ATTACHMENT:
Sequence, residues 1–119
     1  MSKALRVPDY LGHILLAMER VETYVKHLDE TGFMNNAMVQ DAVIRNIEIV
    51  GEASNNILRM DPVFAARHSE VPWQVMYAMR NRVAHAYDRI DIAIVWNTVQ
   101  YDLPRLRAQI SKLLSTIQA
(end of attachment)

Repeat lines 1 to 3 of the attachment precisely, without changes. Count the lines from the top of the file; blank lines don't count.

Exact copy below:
Sequence, residues 1–119
     1  MSKALRVPDY LGHILLAMER VETYVKHLDE TGFMNNAMVQ DAVIRNIEIV
    51  GEASNNILRM DPVFAARHSE VPWQVMYAMR NRVAHAYDRI DIAIVWNTVQ